“moving a virtual machine over a network from one VirtualBox host to another, while the virtual machine is running. This works regardless of the host operating system that is running on the hosts: you can teleport virtual machines between Solaris and Mac hosts, for example.”

Teleportation operates like an in-place replacement of a VM’s facilities, requiring that the “target” host has a virtual machine in VirtualBox with exactly the same hardware settings as the “source” VM. The source and target VM’s must also share the same storage, etc. and must use either the same VirtualBox accessible iSCSI targets or some other network storage (NFS or SMB/CIFS) – and no snapshots.

“The hosts must have fairly similar CPUs. While VirtualBox can simulate some CPU features to a degree, this does not always work. Teleporting between Intel and AMD CPUs will probably fail with an error message.”

The recipe for teleportation begins on the target and is given in an example, leveraging VirtualBox’s VBoxManage command syntax:

VBoxManage modifyvm  --teleporter on --teleporterport

On the source, the running virtual machine is modified according to the following:

VBoxManage controlvm  teleport --host  --port

For testing, same-host teleportation is allowed (source and target equal loopback). Obviously a ready and clean-up script would be involved to copy the settings to a target location, provide the teleport maintenance and clean-up the former VM configuration that is obsoleted in the teleportation. In the case of an error, the running VM stays running on the source host, and the target VM fails to initialize.

SOLORI’s Take: This represents the writing on the wall for VMware and vMotion. Perhaps the shift from VMotion to vMotion telegraphs the reduced value VMware already sees in the “now standard” feature. Adding vMotion to vSphere Essentials and Essentials Plus would garner a lot of adoption from the SMB market that is moving quickly to Hyper-V over Citrix and VMware. With VirtualBox’s obvious play in desktop virtualization – where minimalist live migration features would be less of a burden – VMware’s market could quickly become divided in 2010 with some crafty third-party integration along with open VDI. It’s a ways off, but the potential is there…

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In-the-Lab: Full ESX/vMotion Test Lab in a Box, Part 1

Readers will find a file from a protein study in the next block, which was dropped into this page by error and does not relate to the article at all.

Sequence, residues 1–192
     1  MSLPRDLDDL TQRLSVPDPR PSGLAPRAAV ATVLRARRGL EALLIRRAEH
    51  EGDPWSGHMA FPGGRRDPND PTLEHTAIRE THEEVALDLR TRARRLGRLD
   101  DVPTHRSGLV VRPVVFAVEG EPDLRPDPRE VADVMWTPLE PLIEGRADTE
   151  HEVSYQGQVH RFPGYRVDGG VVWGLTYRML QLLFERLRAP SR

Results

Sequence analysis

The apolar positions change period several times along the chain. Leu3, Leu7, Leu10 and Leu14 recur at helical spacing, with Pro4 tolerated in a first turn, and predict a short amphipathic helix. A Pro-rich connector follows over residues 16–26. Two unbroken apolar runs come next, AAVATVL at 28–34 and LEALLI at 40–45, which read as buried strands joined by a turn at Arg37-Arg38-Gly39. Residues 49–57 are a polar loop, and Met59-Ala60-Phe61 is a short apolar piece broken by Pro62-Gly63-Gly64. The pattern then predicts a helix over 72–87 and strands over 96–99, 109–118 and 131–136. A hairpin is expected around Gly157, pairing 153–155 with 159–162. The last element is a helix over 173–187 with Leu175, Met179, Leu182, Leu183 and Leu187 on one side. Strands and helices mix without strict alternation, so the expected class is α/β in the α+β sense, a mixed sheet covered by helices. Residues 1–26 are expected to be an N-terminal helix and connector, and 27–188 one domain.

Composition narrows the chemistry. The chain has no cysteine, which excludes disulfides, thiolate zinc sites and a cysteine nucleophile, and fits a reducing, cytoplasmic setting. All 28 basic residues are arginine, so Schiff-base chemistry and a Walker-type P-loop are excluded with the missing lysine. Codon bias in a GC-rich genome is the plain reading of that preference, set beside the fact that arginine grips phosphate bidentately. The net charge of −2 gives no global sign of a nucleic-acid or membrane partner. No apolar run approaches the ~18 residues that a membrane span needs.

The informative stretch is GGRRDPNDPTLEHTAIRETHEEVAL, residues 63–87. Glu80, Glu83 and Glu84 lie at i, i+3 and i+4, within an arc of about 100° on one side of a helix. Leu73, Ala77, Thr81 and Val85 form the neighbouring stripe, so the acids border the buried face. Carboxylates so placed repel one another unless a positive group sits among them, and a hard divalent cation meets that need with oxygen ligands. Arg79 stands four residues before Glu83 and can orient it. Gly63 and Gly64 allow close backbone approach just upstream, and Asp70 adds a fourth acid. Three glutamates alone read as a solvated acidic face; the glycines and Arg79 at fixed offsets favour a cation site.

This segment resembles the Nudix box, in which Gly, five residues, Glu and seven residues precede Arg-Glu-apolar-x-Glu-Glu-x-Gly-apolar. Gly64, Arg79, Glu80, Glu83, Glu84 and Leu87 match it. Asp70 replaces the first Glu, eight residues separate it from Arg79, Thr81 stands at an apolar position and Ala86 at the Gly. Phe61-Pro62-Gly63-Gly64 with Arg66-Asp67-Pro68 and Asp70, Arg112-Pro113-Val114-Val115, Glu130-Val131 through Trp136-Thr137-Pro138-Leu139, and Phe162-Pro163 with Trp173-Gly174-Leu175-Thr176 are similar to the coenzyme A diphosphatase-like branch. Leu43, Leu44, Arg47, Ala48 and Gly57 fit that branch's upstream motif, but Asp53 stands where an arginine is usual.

August 17, 2009

There are many features in vSphere worth exploring but to do so requires committing time, effort, testing, training and hardware resources. In this feature, we’ll investigate a way – using your existing VMware facilities – to reduce the time, effort and hardware needed to test and train-up on vSphere’s ESXi, ESX and vCenter components. We’ll start with a single hardware server running VMware ESXi free as the “lab mule” and install everything we need on top of that system.

Part 1, Getting Started

To get started, here are the major hardware and software items you will need to follow along:

ESX-hardwareRecommended Lab Hardware Components

  • One 2P, 6-core AMD “Istanbul” Opteron system
  • Two 500-1,500GB Hard Drives
  • 24GB DDR2/800 Memory
  • Four 1Gbps Ethernet Ports (4×1, 2×2 or 1×4)
  • One 4GB SanDisk “Cruiser” USB Flash Drive
  • Either of the following:
    • One CD-ROM with VMware-VMvisor-Installer-4.0.0-164009.x86_64.iso burned to it
    • An IP/KVM management card to export ISO images to the lab system from the network

Recommended Lab Software Components

  • One ISO image of NexentaStor 2.x (for the Virtual Storage Appliance, VSA, component)
  • One ISO image of ESX 4.0
  • One ISO image of ESXi 4.0
  • One ISO image of VCenter Server 4
  • One ISO image of Windows Server 2003 STD (for vCenter installation and testing)

For the hardware items to work, you’ll need to check your system components against the VMware HCL and community supported hardware lists. For best results, always disable (in BIOS) or physically remove all unsupported or unused hardware- this includes communication ports, USB, software RAID, etc. Doing so will reduce potential hardware conflicts from unsupported devices.

The Lab Setup

We’re first going to install VMware ESXi 4.0 on the “test mule” and configure the local storage for maximum use. Next, we’ll create three (3) machines two create our “virtual testing lab” – deploying ESX, ESXi and NexentaStor running directly on top of our ESXi “test mule.” All subsequent tests VMs will be running in either of the virtualized ESX platforms from shared storage provided by the NexentaStor VSA.

ESX, ESXi and VSA running atop ESXi

ESX, ESXi and VSA running atop ESXi

Next up, quick-and-easy install of ESXi to USB Flash…